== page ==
NEW ORLEANS (March 18, 2019) — Patients with heart failure and a leaking heart valve reported feeling better and experiencing fewer heart failure symptoms if they underwent a procedure to repair their valve than if they were treated with standard treatment alone, according to research presented at the American College of Cardiology’s 68th Annual Scientific Session.
The findings are the latest to come from the COAPT trial, which investigated the use of a procedure called transcatheter mitral-valve repair (TMVr) to repair a mitral valve that does not close properly due to problems with the heart’s chambers, a condition known as secondary mitral regurgitation. In 2018, COAPT researchers reported that patients undergoing TMVr had significantly better rates of survival at two years compared to those receiving standard medical therapy. For the new study, researchers further analyzed data from the trial to determine whether the valve repair also improved patients’ quality of life.
“In patients with heart failure and secondary mitral regurgitation, TMVr resulted in early, substantial and sustained improvement in health status compared with standard care,” said Suzanne Arnold, MD, a cardiologist at Saint Luke's Mid America Heart Institute and associate professor of medicine at the University of Missouri–Kansas City, the study’s lead author. “These outcomes are incredibly important to patients, and showing that TMVr improves patients’ symptoms and quality of life adds further support to the use of TMVr in these patients.”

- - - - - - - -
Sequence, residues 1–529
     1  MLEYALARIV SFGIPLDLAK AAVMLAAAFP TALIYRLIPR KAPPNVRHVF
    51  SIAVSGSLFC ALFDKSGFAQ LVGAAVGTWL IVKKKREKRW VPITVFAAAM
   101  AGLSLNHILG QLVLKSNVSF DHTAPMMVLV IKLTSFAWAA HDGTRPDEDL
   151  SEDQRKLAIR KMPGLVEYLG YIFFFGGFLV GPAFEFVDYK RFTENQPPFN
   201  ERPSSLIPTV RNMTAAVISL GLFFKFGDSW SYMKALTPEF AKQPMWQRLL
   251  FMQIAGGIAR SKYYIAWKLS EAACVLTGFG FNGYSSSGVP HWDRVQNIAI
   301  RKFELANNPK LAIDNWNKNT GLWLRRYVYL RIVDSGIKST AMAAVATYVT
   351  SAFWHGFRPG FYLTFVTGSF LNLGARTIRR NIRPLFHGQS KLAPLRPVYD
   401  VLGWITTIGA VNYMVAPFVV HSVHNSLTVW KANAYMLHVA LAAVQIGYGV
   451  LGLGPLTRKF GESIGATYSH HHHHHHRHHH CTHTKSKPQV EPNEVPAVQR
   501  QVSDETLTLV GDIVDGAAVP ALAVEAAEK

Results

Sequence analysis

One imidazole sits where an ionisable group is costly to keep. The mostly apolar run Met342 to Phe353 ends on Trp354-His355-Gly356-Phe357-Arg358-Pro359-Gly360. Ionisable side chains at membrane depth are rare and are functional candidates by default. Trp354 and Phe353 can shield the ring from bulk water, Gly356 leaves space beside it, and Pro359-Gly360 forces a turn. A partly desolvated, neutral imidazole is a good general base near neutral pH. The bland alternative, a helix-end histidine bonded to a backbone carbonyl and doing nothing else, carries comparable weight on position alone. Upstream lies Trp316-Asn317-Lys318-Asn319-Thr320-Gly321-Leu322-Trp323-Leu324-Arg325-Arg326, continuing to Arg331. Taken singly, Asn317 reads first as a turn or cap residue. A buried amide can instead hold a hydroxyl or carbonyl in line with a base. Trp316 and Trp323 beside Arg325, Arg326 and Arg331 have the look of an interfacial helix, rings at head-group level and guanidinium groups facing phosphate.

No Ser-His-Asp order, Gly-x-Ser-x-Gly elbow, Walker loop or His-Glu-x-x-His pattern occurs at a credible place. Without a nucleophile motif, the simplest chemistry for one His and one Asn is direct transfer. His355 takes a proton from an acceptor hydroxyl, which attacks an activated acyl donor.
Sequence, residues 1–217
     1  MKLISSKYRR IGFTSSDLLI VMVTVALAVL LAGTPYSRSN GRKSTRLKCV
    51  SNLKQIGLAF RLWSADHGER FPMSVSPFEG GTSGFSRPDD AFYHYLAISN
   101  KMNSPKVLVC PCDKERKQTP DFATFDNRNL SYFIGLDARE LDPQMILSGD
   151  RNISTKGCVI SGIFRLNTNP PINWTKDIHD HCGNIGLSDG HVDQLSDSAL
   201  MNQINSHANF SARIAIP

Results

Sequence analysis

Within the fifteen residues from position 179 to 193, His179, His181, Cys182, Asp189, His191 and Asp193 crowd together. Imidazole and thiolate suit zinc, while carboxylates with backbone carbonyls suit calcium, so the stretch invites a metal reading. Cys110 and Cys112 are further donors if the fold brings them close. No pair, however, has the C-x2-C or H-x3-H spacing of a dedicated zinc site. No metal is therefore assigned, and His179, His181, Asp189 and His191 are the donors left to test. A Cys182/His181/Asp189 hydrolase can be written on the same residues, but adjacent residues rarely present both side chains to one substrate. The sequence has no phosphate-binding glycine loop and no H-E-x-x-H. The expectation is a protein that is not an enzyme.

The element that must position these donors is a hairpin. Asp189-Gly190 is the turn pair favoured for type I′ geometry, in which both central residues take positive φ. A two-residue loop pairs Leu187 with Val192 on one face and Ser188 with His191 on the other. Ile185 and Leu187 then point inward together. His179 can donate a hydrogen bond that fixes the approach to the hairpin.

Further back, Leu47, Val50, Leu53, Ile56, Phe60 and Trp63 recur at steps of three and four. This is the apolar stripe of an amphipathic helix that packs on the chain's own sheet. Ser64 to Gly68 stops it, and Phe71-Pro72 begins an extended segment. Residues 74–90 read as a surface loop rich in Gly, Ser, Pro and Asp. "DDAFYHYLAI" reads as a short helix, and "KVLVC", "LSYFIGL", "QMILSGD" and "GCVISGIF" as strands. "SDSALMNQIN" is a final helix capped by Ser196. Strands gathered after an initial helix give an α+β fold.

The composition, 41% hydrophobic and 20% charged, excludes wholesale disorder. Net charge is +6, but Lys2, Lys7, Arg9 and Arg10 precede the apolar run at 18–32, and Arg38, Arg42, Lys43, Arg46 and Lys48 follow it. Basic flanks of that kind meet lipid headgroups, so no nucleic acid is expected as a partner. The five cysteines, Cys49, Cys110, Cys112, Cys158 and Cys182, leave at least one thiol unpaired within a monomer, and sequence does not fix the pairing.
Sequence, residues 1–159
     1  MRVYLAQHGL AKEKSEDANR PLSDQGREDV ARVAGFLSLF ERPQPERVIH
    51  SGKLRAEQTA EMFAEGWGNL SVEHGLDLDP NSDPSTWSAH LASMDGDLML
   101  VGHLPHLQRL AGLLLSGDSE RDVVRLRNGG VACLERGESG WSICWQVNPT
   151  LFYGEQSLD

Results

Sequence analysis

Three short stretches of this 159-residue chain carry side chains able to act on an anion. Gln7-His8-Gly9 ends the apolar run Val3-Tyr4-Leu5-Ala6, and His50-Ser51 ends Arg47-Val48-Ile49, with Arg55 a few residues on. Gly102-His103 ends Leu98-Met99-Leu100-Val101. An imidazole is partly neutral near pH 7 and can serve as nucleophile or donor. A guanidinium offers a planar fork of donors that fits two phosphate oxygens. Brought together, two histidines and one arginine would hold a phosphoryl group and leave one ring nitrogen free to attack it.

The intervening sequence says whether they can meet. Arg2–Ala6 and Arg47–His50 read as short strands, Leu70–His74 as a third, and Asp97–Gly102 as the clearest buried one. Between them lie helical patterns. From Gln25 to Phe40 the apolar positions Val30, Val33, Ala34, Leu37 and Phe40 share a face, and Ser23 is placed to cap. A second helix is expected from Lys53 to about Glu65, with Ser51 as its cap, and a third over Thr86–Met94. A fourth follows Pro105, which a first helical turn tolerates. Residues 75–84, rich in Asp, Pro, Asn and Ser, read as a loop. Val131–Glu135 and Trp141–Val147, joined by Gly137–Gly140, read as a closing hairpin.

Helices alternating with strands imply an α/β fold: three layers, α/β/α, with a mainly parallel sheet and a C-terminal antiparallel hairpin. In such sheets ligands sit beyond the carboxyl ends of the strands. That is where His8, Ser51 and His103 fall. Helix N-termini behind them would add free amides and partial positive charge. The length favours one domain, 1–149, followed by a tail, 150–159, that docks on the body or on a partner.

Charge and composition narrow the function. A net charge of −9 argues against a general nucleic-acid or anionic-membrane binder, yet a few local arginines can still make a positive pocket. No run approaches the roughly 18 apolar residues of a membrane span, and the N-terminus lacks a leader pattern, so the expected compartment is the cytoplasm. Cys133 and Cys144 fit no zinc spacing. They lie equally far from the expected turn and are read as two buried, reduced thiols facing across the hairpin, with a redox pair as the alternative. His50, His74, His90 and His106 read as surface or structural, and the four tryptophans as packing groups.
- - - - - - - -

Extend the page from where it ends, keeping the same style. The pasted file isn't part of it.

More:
Heart failure, a condition in which the heart cannot pump enough blood to meet the body’s needs, affects about 5 million people in the United States. It is estimated that at least a quarter of heart failure patients also have secondary mitral valve regurgitation, which allows blood to flow backward through the mitral valve and further reduces the heart’s ability to pump blood. People with both conditions commonly suffer symptoms such as shortness of breath, swelling and fatigue.
COAPT enrolled 614 patients treated at 78 medical centers in the United States and Canada and randomly assigned them to receive TMVr or standard medical therapy, which typically includes diuretics, beta blockers and other medications. All participants had heart failure and moderate to severe secondary mitral regurgitation at the start of the trial. Researchers assessed participants’ quality of life with the Kansas City Cardiomyopathy Questionnaire (KCCQ), a tool designed to assess the symptoms, functional limitations, social limitations, and quality of life of people with heart failure.
At the start of the trial, participants scored 52 out of 100 on the KCCQ summary score, on average. This reflects a relatively poor quality of life in which patients’ heart failure symptoms significantly limited their daily activities, with shortness of breath or fatigue with everyday activities such as walking on level ground or doing light housework, Arnold said.
After one month, patients who underwent TMVr reported a 16-point greater improvement in their average KCCQ score compared with standard therapy, an improvement considered moderate to large. By the end of two years, those undergoing TMVr had an average KCCQ score 13 points higher, on average, than those on standard therapy.
“The durability of the finding was a bit surprising given that these patients had pretty severe heart failure at baseline,” said Arnold. “You might expect that the benefit would wane over time, and the fact that we didn’t see much reduction over time was encouraging.”